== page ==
State pays millions in rent to property tycoons

CONTROVERSIAL property tycoons, Liam Carroll and Bernard McNamara are pocketing millions for property they rent to the state — almost €117 million each year.

As well as paying rent to Mr Carroll and Mr McNamara, the taxpayer has also had to take on responsibility for the loans the property developers have transferred to NAMA.

According to new figures released by the Office of Public Works (OPW), Liam Carroll earns a total of almost €8m on 17 leases he has with the state — his leases and rental bill has actually increased since January of last year.

The embattled property developer lost control of his Zoe group of companies last year following a series of prolonged and high-profile court proceedings. The group was estimated to have owed some €1.3 billion to its bankers.

Mr Carroll and his wife Roisín hold six leases, earning them just over €4m. Five of the leases are based in 26-30 Upper Abbey Street.

Two of these leases are currently vacant and are costing the taxpayer €1.6m per year.

The Civil Service Commission rents a further two spaces, earning Mr and Mrs Carroll €672,175 and €1.2m every year respectively.

Mr Carroll’s company Danninger Ltd holds eight leases, earning in the region of €3.2m from a number of properties around Dublin.

Tenants include the Department of Social and Family Affairs, the Department of Justice and Law Reform, the Road Safety Authority, the Department of Agriculture and the Director of Public Prosecutions.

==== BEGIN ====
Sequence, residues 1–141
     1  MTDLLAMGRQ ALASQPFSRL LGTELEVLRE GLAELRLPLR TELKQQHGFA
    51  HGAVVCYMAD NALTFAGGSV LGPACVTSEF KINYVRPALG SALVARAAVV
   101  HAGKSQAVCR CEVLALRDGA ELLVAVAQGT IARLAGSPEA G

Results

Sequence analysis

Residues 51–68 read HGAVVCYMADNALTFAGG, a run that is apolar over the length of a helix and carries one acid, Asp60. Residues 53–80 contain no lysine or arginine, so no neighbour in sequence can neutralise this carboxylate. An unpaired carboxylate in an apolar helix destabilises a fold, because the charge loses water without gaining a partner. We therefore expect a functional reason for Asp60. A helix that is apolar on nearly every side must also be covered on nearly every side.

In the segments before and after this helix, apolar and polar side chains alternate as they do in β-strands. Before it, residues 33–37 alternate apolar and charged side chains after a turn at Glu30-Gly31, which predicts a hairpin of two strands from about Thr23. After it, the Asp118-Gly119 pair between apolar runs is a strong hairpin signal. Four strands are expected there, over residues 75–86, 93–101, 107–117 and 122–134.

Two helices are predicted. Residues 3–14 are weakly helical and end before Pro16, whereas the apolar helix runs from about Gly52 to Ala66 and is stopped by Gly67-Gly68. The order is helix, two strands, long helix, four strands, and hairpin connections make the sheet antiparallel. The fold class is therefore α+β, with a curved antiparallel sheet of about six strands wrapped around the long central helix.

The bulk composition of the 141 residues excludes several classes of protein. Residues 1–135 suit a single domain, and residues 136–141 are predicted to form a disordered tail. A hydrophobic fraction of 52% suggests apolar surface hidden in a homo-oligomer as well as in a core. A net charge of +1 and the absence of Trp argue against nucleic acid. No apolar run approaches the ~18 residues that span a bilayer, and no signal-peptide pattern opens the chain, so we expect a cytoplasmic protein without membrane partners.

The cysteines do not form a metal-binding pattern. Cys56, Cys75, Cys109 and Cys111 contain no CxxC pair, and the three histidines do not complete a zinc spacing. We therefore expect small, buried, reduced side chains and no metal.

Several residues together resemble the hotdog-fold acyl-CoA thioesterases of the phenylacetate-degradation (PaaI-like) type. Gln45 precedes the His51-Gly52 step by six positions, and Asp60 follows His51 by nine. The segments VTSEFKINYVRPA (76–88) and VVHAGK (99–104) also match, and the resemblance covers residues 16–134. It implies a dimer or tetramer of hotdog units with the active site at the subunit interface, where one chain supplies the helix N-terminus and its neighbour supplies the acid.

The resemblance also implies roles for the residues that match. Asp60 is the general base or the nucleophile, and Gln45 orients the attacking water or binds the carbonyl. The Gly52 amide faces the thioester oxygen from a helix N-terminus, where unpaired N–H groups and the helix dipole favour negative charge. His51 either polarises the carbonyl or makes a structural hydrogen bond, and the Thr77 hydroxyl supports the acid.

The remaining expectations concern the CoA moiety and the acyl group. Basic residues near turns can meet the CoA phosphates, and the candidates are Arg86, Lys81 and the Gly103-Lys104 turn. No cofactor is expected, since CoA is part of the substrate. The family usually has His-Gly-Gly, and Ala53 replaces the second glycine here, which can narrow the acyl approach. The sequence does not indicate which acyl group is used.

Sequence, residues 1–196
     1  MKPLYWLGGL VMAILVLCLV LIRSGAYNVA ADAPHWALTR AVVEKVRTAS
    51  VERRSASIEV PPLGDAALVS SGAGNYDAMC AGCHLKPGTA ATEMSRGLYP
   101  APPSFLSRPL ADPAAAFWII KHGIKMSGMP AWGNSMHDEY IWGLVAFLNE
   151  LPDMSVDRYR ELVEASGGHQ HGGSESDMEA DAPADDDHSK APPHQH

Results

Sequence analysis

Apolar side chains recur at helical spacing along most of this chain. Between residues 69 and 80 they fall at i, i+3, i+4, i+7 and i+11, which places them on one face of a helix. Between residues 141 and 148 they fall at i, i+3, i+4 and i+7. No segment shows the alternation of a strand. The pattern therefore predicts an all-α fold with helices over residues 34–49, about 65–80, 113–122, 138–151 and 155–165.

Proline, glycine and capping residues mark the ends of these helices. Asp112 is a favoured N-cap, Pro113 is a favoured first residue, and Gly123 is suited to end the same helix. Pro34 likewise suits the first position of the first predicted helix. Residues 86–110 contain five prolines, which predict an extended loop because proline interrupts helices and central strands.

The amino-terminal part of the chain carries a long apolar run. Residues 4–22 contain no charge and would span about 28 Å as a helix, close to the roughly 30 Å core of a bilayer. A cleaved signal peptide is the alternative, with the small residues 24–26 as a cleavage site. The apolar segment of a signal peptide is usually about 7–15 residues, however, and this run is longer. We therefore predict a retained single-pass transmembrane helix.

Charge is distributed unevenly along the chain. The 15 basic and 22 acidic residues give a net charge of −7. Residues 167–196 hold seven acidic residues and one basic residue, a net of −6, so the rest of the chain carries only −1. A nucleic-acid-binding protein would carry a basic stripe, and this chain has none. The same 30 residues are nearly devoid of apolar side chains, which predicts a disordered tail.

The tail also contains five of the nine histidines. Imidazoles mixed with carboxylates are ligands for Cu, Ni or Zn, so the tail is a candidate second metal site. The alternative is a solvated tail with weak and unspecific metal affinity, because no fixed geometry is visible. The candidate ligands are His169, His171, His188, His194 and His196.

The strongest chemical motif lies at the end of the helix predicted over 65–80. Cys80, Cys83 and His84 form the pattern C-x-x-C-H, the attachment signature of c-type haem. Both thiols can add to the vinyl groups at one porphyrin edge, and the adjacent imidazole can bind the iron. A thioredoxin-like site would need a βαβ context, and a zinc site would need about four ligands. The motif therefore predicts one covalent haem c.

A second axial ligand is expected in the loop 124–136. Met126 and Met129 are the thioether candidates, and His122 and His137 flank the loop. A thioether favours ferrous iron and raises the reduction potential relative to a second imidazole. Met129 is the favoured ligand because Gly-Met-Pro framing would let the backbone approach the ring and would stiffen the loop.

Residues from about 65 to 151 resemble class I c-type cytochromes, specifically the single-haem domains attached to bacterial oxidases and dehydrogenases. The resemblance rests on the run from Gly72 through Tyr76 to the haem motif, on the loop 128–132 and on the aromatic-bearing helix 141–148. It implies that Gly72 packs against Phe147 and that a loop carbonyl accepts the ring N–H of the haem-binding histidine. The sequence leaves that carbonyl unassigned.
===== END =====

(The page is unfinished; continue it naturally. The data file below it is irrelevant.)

Property developer Bernard McNamara — whose loans have been taken over by NAMA — is also a landlord to the state.

Well-known in Fianna Fáil circles as a former party councillor in the 1970s, Mr McNamara’s company Belltrap Ltd earns €4.1m for three leases to the Department of Justice and Law Reform, the Department of Social and Family Affairs and Revenue.

Breydon Developments, which Mr McNamara partly owns, receives €188,553.

Other high-profile businessmen such as beef baron, Larry Goodman, and property developer, John Byrne, have also earned millions from having the state as a tenant.

Mr Byrne earns more than €5.7m on nine leases he has with the state.

His company Alstead Securities earns just over €3.3m on a number of properties on Parnell Square in Dublin, occupied by the Department of Enterprise Trade and Innovation, the Director of Corporate Enforcement, the Department of Social and Family Affairs and the National Social and Economic Development Office.

Carlisle Trust Ltd earns €1.3m while Dublin City Estates earns just over €1m.

Beef baron Larry Goodman’s leases earn him €3.7m on the Setanta Centre on Nassau Street in Dublin.

One of his companies Hazeldale receives over €1m for the use of 76-78 Harcourt Street in Dublin, while his firm Halfpipe receives €1.26m for the use of 4-5 Harcourt Road in Dublin.

Heading the list is Irish Life Assurance which earns a staggering €11.8m on leases it has with a range of Government departments.


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